Scientists have managed to extend the lives of drug-resistant ovarian cancer patients through a combination therapy and discovered other ways to attack the stubborn disease.
In 10 seconds? Scientists shrunk the tumours in women suffering from previously untreatable ovarian cancer by finding a way to stop their resistance to chemotherapy. (Read the science)
What’s the breakthrough? In a trial with promising results, researchers managed to extend the lives of patients with previously untreatable ovarian cancer by almost six months by combining a new and an existing drug that shrunk down their tumours. (Read the paper on Sparrho)
How did they know what to do? The team investigated why some ovarian cancer cells became drug-resistant. Studying a pain-causing fluid drained from the abdomens of patients with advanced ovarian cancer, they noticed that the cancer cells contained a high level of a growth-inducing molecule called p-S6K. (Learn more about this fluid)
What did they do with that information? They combined a known anti-cancer drug with one that blocks mTOR, an enzyme which usually controls cell growth, is highly active in some cancers, and one that can boost levels of p-S6K. So in theory, blocking mTOR could slow the spread of ovarian cancer cells that contain a high level of p-S6K. (More on the role of mTOR)
And what did the trial show? Over half of the women with ovarian cancer in the study saw their tumours shrink by at least 30% – albeit only for about half a year. The therapy was also trialled on lung cancer patients and over a third of them responded in a similar way. These results are encouraging, because there have been relatively few advancements in the treatment of ovarian cancer in the past decades.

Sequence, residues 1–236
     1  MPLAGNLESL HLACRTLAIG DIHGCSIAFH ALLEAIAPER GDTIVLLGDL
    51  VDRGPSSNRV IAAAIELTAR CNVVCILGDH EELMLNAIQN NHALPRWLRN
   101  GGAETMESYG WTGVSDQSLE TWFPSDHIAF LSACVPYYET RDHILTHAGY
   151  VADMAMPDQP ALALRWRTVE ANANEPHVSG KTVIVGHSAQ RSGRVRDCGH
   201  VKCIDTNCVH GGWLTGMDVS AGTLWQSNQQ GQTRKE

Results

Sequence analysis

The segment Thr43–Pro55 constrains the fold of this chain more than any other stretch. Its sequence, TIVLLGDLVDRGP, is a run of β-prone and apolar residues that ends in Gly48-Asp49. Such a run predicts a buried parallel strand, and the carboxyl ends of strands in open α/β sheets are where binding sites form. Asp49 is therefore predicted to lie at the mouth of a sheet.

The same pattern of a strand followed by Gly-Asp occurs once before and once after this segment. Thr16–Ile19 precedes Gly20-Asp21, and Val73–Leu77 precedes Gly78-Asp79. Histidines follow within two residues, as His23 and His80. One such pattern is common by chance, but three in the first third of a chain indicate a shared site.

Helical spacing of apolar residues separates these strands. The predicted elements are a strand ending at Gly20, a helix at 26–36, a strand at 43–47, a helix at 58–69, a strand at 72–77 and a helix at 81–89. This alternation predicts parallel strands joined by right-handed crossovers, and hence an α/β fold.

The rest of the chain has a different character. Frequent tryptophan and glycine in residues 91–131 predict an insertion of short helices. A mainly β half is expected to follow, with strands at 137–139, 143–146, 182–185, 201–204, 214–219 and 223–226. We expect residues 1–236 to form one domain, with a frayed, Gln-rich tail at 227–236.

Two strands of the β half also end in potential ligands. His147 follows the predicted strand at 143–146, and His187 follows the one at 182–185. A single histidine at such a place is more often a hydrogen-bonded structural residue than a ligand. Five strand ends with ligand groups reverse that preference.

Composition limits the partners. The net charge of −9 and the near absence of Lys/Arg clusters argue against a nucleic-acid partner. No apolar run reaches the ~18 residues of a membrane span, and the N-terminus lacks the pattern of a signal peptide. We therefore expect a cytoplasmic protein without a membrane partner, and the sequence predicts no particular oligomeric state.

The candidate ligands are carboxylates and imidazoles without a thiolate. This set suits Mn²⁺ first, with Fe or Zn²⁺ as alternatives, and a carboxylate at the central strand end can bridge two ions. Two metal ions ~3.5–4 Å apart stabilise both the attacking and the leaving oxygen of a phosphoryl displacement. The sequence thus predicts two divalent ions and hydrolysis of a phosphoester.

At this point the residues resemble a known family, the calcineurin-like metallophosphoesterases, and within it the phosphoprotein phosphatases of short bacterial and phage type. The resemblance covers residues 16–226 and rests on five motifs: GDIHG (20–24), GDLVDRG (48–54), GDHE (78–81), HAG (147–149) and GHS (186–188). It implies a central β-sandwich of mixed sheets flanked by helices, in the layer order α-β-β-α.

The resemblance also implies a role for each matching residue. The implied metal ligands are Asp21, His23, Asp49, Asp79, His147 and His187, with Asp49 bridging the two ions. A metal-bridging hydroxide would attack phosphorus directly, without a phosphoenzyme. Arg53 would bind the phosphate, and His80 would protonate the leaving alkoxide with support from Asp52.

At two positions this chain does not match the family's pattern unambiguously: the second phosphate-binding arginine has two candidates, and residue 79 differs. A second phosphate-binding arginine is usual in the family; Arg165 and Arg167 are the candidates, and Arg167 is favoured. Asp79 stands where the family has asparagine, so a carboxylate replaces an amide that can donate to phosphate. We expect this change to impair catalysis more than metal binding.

You mean this is the best hope? Not at all – we’ve recently seen promising results with drugs called PARP inhibitors. These were developed for treating breast cancer by preventing tumour cells from repairing lethal damage to their DNA. However, studies suggest these can be more effective in the early stages of ovarian cancer, which is easy to miss, due to patients not noticing the symptoms in time. (More on PARP inhibitors)
Did you mention another 'avenger'? Indeed, it looks like immunotherapy might have a comeback. It previously proved ineffective against super-protected ovarian tumours, but an American team recently created ‘double-headed’ antibodies to breach the tumours’ defences, and launch an immune response. One 'head' triggers ovarian cancer cells to self-destruct, while the other attracts immune cells to finish the job – but there hasn’t been a human trial yet, so keep your eyes open for the next chapter in their story. (Find out more).
A ginger plant that can help against ovarian cancer
Researchers say a species of the ginger family, Alpinia katsumadai shows potential against ovarian cancer.
The plant is well known in traditional Chinese and Korean medicine for its anti-bacterial and anti-inflammatory properties.
Scientists studied the anti-cancer effects of a molecule extracted from the plant, alpinetin and found that it inhibited the growth of ovarian cancer cells and generated proteins that triggered the death of ovarian and pancreatic cancer cells.
Another molecule, cardamonin, which was extracted from the plant's seeds, prevented the spread of non-small cell lung cancer in the body.
(Psst, Flavia distilled 16 research papers to save you 932.6 min)